The date: July 29, 1981. At 3:30 a.m. (11:30 a.m. in London) Diana arrived at St. Paul's Cathedral in a glass coach, veiled in lace. "Like Cinderella," we squealed, ignoring that the fairytale actually described a glass slipper and a pumpkin coach. Didn't matter. Diana was beautiful (and thin!), the train on her ivory-silk gown with puffed sleeves 25-feet long. We watched the ceremony, hushed, drinking coffee to stay awake, part of a global TV audience: 750 million, according to the BBC.
Britain declared a national holiday, but we Americans went to work. At the Telegram-Tribune, I banged out the best piece I'd ever written. Swooning details included the coachman's scarlet-and-gold waistcoat and his bay horses, Lady Penelope and Kestral; Diana's veiled face so pretty and innocent.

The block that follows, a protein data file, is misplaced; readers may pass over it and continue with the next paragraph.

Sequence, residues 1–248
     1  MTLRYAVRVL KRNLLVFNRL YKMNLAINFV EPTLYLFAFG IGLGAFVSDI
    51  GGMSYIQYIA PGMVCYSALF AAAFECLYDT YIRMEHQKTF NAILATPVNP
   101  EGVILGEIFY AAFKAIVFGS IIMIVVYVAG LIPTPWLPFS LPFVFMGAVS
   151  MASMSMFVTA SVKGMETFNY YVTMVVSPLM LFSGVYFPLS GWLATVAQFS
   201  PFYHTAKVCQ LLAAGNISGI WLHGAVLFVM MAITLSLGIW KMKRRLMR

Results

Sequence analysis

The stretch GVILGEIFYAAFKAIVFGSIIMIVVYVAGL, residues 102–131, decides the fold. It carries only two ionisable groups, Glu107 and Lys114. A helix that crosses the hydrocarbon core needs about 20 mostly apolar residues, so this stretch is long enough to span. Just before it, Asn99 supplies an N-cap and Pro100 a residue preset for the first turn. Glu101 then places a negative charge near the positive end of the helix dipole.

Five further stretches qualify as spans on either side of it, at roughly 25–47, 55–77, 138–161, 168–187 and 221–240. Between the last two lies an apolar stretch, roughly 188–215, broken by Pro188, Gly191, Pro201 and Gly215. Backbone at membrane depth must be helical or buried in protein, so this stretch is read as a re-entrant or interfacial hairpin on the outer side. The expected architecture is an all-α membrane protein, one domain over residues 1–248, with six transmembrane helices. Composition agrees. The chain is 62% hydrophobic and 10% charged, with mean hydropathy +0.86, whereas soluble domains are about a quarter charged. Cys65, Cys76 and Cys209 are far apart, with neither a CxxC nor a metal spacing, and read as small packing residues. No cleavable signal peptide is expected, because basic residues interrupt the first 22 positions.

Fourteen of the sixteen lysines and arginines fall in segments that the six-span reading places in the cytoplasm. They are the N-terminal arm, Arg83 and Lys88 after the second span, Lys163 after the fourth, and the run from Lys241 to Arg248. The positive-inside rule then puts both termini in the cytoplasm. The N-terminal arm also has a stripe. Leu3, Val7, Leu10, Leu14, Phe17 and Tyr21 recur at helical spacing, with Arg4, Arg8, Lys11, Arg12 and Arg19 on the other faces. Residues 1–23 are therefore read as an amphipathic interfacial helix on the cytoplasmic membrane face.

I pulled the story from my typewriter and with a flourish presented it to city editor, Jeff Fairbanks, watching for his reaction from the safety of my desk. He read without expression. Then in one swift motion he crumbled the paper into a ball, yelled "incoming!" and lobbed it over to another editor who held out his wastebasket without looking up. Score.
My story, trashed, just like that. I felt too embarrassed to ask why. Looking back, it probably oozed Purple Prose.
From BLUE SKIES: ONE AUTHOR'S JOURNEY, to be published this Fall.